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Here’s a List of Thanksgiving Foods That Are Allowed Through TSA Security Checkpoints

Photo Credit: Monstera/Pexels

You desperately want to take that beloved stuffing on board with you on your way to visit family for Thanksgiving, but can you? The Transportation Security Administration (TSA) gives a rundown of food items that can go through security checkpoints without issues.

A general rule of thumb according to the TSA is, “if it’s a solid item, then it can go through a checkpoint. However, if you can spill it, spread it, spray it, pump it or pour it, and it’s larger than 3.4 ounces, then it should go in a checked bag.”

Here is a list of the foods that can fly with you in your carry-on and ones that need to go in checked luggage. Godspeed that yummy pie makes it!

Photo Credit: Юлия Чалова/Pexels

Thanksgiving foods that can be carried through a TSA checkpoint:

  • Baked goods. Homemade or store-bought pies, cakes, cookies, brownies and other sweet treats
  • Meats. Turkey, chicken, ham, steak. Frozen, cooked or uncooked
  • Stuffing. Cooked, uncooked, in a box or in a bag
  • Casseroles. Traditional green beans and onion straws or something more exotic
  • Mac ‘n Cheese. Cooked in a pan or traveling with the ingredients to cook it at your destination,
  • Fresh vegetables. Potatoes, yams, broccoli, green beans, Brussels sprouts, cauliflower, beets, radishes, carrots, squash, greens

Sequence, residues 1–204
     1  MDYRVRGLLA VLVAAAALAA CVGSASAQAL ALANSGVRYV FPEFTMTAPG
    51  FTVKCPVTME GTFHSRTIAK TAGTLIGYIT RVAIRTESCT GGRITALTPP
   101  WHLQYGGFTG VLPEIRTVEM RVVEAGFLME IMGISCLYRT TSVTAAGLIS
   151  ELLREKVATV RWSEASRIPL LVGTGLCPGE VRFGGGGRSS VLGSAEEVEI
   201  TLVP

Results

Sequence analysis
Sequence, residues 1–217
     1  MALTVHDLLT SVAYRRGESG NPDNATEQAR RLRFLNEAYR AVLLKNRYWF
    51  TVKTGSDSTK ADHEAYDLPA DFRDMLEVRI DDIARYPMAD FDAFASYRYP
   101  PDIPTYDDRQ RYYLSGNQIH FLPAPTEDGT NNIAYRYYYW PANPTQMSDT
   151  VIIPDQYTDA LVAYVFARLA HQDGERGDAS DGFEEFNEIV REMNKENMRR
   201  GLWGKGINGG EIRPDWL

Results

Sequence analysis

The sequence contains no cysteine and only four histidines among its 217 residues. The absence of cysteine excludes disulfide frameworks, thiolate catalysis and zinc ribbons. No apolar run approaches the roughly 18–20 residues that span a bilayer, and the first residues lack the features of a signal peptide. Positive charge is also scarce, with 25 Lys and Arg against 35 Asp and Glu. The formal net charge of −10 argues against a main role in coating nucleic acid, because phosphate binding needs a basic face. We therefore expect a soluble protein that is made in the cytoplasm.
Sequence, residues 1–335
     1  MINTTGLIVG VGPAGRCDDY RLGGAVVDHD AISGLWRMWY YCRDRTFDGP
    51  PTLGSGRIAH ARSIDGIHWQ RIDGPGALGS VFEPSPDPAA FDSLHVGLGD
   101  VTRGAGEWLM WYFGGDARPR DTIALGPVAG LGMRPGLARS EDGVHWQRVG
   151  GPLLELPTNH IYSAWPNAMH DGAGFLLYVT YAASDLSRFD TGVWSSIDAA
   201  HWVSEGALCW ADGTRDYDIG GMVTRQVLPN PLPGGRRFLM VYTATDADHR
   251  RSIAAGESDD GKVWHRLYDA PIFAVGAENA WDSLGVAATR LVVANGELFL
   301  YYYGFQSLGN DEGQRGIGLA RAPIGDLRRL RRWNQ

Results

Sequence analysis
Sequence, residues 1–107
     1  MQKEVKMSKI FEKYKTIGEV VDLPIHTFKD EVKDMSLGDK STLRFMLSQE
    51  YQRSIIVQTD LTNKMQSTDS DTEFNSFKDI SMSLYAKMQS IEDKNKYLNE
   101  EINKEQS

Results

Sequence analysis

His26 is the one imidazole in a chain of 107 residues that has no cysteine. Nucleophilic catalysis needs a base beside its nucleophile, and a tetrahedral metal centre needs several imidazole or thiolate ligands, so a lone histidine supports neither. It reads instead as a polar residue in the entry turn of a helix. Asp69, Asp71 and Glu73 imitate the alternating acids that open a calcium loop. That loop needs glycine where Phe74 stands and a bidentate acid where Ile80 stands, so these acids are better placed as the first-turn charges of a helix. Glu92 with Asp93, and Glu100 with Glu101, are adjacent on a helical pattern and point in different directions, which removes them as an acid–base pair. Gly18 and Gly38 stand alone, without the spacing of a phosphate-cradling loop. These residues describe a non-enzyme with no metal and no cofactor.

• Fresh fruit. Apples, pears, pineapple, lemons, limes, cranberries, blueberries, strawberries, bananas, kiwi 
  • Candy.
  • Spices.
Photo Credit: Karolina Grabowska/Pexels

Thanksgiving foods that should be carefully packed in your checked luggage:

  • Cranberry sauce. Homemade or canned are spreadable, so check them.
  • Gravy. Homemade or in a jar/can.
  • Wine, champagne, sparking apple cider.
  • Canned fruit or vegetables. It’s got liquid in the can, so check them.
  • Preserves, jams and jellies. They are spreadable, so best to check them.
  • Maple syrup.

The TSA recommends placing those items in a clear plastic bag or other containers when packing them at home and then removing those items from your carry-on bag and placing them in a bin for screening at the checkpoint. You can also tweet @AskTSA to ask how best to travel with a specific food item too! TSA media spokespeople from various airlines can also weigh in!

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